On 20th of April 2020, EC issued a gazette notification to prevent officers of all Government Ministries, Departments, Statutory Boards, Provincial Councils and Local Authorities from engaging with any candidate contesting the Parliamentary Election in facilitating or directing the distribution of government relief to citizens. Implementation of this directives yet to be observed.

Ensuring legitimacy while conducting a transparent election

The level of transparency and the integrity of the entire electoral process legitimate the incumbent government and its elected officials. Party agent and independent election observers monitoring the election contribute to the legitimacy and trust of the process and it is also a long tradition in the Sri Lanka that party agents and the observers are allowed to monitor the polling and the counting process that welcomed by the election law and procedures. In the given COVID-19 context, NEC will have to consider a new strategy in accommodating them while practicing social distancing guidelines in the pooling stations and counting centers.

The typical school classrooms largely used as the polling stations and counting centers may not have enough space and the EC must conduct a polling station survey before assigning them. Center for Monitoring Election Violence (CMEV) dragged the attention towards the counting centers that at least 18 people involve in the counting process for maximum 8 hours, that would be a great challenge to maintain the safety guidelines.


The COVID-19 context and inability to conduct the election almost dragged the county towards a constitutional crisis where relevant authorities need to be more politically sensitive in order to resolve issues via inclusive dialogue between the relevant stakeholders. The decision of postponing or conducting election also has to take through a proper consultation, after rigorously examining the advantages and disadvantages while calculating the social cost as postponing election can undermine the democratic principles while conducting a heavy logistical operation in a pandemic can pose a serious health threat to the public and undermine the credibility of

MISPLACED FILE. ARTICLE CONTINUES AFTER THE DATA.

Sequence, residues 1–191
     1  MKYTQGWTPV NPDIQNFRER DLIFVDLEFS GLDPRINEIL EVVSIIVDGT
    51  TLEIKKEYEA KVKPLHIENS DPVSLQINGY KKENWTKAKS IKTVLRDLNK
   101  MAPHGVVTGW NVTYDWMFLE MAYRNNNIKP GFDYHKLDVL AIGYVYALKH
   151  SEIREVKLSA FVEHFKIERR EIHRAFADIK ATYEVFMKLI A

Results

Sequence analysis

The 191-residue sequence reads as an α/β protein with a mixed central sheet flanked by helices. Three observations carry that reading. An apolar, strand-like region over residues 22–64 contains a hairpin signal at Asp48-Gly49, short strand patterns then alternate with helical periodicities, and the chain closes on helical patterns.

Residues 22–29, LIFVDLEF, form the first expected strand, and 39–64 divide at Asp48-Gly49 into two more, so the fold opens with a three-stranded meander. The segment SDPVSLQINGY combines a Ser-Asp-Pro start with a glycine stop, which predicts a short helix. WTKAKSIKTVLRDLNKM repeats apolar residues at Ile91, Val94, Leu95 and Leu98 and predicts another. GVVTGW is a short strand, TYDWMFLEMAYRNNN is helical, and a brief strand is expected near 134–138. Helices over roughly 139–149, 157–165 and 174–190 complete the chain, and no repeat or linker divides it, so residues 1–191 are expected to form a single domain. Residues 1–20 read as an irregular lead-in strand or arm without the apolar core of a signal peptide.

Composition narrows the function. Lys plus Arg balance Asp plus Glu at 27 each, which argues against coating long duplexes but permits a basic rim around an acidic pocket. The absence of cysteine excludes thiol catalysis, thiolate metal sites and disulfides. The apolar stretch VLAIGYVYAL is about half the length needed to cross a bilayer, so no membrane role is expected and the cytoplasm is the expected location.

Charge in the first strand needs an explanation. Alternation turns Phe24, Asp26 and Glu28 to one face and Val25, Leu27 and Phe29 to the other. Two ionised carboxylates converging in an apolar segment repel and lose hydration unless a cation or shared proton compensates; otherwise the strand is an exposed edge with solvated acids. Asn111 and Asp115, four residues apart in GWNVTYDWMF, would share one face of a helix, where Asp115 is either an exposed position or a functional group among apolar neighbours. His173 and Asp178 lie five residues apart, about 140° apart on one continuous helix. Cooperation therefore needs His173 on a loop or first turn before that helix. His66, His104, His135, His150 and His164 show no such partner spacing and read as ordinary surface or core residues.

the election.

Overlapping the Sri Lankan election calendar and the COVID-19 pandemic situation has highlighted some unresolved issues in the Sri Lankan electoral and political systems. Over last few decades, the political, social and the stakeholder factors has been changed drastically while 39 years old election law provides very little flexibility to conduct elections in such unforeseen situations.

Proposals such as need of a more inclusive advance voting system, ability to election commission to take actions against both private and state media during the election, proper regulatory mechanism over disinformation and hate speech in social media, need of a campaign finance law and use of technology in electoral system have been proposed by the civil society and election observers that has not been materialized by the country’s legislation.
The oldest democracy in Asia that survived through many challenges in its electoral democracy has come to another crossroad where the right decision-making political sensitiveness determine the way forward.

(Tharindu Abeyrtahna is a local and international election observer who observed elections across Asia including Sri Lanka. He is also a technical expert and a trainer in elections contributed for publications covering different aspects of the elections such role of media, civil society and also election observation in the electoral process)